Hasn’t your daughter a right to be told (Aug, 1930)

Hasn’t your daughter a right to be told

The easy way is to give her this booklet

You can’t keep your daughter ignorant of physical facts. She feels the need to know. Surely she deserves to be told the real truth rather than be forced to seek any kind of information that friends of her own age can give.

In regard to feminine hygiene, she may receive an entirely wrong impression, even a dangerous one. Many people still believe that caustic and poisonous antiseptics are necessary for this healthful, cleanly practice. But the medical profession does not endorse the use of bichloride of mercury and compounds of carbolic acid.

Danger lies in poisons

Women used to run terrible risks. They were not fully aware how great was the danger of mercurial poisoning, areas of scar tissue, interference with normal secretions. They wanted surgical cleanliness. Before the coming of Zonite, caustics and poisons were the only germicides powerful enough to be effective.

Send for Zonite booklet

Zonite is the modern antiseptic. Non-poisonous. Non-caustic. Far more powerful than any dilution of carbolic acid that may be allowed on the body. Send for the booklet that gives all the facts about feminine hygiene. Read it. Give it to your daughter. It is frankly written, and honest. You can buy Zonite everywhere. Full directions with bottle. Zonite Products Corporation, Chrysler Building, New York, N. Y.

8 comments
  1. Charlene says: March 9, 201010:45 am

    “For God’s sake, don’t do something crazy like *talk to her*! Give her this sales pitch – er, “hygiene booklet” – instead!”

    This is of course yet another cryptic yeast infection treatment ad, but in reality Zonite was more popular as a (relatively ineffectual) contraceptive than as a (just as ineffective) treatment for any supposed hygiene problem. The main ingredient: diluted household bleach.

  2. jeffg says: March 9, 201010:50 am

    gosh, i hope it was very diluted

  3. Charlene says: March 9, 201011:41 am

    I just looked this up. Zonite was double-strength Dakin’s solution. I was wrong about it being nothing but “diluted bleach”- Dakin’s contains boric acid too. Bleach and ant killer!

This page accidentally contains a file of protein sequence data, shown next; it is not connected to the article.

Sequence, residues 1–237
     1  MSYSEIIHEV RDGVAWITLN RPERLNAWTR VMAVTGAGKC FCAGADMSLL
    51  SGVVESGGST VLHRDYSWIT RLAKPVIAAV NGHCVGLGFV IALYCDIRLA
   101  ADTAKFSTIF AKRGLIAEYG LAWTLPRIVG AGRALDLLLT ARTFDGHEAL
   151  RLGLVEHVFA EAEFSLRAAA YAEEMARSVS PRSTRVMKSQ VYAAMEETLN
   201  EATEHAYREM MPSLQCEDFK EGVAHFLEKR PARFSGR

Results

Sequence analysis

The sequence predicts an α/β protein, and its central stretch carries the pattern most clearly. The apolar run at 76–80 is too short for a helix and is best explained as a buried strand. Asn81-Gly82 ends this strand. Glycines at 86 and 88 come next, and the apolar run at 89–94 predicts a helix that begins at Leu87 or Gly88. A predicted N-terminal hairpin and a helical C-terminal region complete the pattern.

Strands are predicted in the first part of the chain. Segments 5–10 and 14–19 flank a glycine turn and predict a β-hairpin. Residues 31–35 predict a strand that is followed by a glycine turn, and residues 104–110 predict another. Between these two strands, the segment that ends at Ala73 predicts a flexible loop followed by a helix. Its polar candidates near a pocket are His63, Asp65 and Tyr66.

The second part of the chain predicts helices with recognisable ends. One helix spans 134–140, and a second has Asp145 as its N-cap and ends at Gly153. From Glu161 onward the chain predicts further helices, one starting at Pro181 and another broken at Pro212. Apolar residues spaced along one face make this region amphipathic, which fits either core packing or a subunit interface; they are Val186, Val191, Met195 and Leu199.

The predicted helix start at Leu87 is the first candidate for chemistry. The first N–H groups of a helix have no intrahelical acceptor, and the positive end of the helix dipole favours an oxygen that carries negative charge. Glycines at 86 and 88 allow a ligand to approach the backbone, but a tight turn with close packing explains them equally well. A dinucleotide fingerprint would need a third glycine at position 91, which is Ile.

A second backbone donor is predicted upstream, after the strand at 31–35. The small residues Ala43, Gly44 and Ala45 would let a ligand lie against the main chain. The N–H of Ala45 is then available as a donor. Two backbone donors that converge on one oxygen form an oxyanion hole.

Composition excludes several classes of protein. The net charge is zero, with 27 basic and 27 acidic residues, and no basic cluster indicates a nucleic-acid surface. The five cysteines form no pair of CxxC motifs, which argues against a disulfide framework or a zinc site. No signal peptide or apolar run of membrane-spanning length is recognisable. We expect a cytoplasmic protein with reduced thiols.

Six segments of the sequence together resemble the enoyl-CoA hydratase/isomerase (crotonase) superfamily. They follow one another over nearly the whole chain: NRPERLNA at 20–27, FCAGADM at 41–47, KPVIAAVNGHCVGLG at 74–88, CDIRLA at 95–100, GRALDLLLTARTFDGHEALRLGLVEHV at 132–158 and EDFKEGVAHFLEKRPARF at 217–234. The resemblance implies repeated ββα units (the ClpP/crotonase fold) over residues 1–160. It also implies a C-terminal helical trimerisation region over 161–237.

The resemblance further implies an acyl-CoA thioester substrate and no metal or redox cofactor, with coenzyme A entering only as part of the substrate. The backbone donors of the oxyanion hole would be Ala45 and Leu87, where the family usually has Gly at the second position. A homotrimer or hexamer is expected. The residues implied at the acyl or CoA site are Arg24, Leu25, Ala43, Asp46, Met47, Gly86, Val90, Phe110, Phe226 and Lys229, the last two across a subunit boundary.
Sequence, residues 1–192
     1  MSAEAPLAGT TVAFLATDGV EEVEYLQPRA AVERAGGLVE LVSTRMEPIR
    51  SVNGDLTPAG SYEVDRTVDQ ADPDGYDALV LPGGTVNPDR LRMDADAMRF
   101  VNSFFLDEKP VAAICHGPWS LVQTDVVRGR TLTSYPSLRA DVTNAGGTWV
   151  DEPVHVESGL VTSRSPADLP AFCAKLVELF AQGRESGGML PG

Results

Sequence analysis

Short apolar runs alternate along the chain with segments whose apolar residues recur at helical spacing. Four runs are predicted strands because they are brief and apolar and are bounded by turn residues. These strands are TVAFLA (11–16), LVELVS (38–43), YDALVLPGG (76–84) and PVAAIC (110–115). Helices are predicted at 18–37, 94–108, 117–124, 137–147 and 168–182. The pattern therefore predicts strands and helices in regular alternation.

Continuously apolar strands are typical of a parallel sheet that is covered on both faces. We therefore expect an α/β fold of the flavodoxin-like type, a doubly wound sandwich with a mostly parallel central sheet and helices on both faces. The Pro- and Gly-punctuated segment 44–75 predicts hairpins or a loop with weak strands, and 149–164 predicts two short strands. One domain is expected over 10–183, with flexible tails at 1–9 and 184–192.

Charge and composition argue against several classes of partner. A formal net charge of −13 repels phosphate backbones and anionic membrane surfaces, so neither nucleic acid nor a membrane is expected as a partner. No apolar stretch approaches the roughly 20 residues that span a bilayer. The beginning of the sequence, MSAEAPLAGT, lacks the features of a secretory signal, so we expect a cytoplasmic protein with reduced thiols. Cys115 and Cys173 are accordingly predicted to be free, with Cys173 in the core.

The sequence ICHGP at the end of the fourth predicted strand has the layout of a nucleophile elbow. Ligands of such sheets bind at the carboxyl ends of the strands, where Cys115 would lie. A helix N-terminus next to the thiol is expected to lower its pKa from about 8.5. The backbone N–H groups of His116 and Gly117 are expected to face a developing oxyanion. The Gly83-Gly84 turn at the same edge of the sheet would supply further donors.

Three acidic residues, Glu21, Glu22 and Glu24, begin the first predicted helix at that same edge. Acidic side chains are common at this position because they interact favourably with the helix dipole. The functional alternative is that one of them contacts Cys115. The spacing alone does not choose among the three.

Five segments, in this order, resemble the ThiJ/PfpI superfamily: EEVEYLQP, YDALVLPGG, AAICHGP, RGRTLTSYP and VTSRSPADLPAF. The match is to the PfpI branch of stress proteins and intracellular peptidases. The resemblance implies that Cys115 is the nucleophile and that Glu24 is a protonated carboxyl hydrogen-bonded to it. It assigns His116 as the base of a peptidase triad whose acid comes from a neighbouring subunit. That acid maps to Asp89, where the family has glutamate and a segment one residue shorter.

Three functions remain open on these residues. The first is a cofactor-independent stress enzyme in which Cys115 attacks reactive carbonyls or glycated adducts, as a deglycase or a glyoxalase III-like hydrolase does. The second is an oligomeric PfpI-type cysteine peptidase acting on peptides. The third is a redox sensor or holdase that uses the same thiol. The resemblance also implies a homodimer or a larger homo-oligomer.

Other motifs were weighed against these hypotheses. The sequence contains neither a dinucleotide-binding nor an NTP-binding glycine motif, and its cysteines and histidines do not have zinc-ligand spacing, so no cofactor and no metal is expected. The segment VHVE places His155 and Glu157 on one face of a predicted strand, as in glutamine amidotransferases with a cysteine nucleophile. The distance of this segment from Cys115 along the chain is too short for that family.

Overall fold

But according to my medical dictionary, Dakin’s has to be extremely fresh to be effective – after 24 hours it breaks down into “irritating” secondary compounds. Zonite, on the other hand, would have been sitting on druggists’ shelves for weeks or months before it was used.

    So basically women were being sold a chemical compound that irritated the membranes but didn’t do much good otherwise. The irritation probably felt like tingling, sort of like those acne medicines teenagers buy that “make the skin tingle because it’s working”, but of course the tingling is actually the skin being irritated and becoming even more prone to acne.

    This is more than I, and probably most of you, ever wanted to know.

  4. Neil Russell says: March 9, 20106:33 pm

    You’d think the guys that wrote the copy would have extolled the ability of the stuff to keep out ants

  5. StanFlouride says: March 9, 20107:46 pm

    “Ant Invasion- the untold side of feminine hygiene.”

  6. Richard says: March 11, 201010:12 am

    @StanFlouride, you missed your vocation – you should be an advertising copywriter… :-)

  7. John Savard says: March 11, 20102:46 pm

    Boric acid is good for more than killing ants. It is gentle enough that people used to use it as an antiseptic eyewash.

  8. Tom says: March 11, 20105:47 pm

    Boric acid is also billed as a very effective cockroach killer. You don’t want them up your frammazamma either, now do you?

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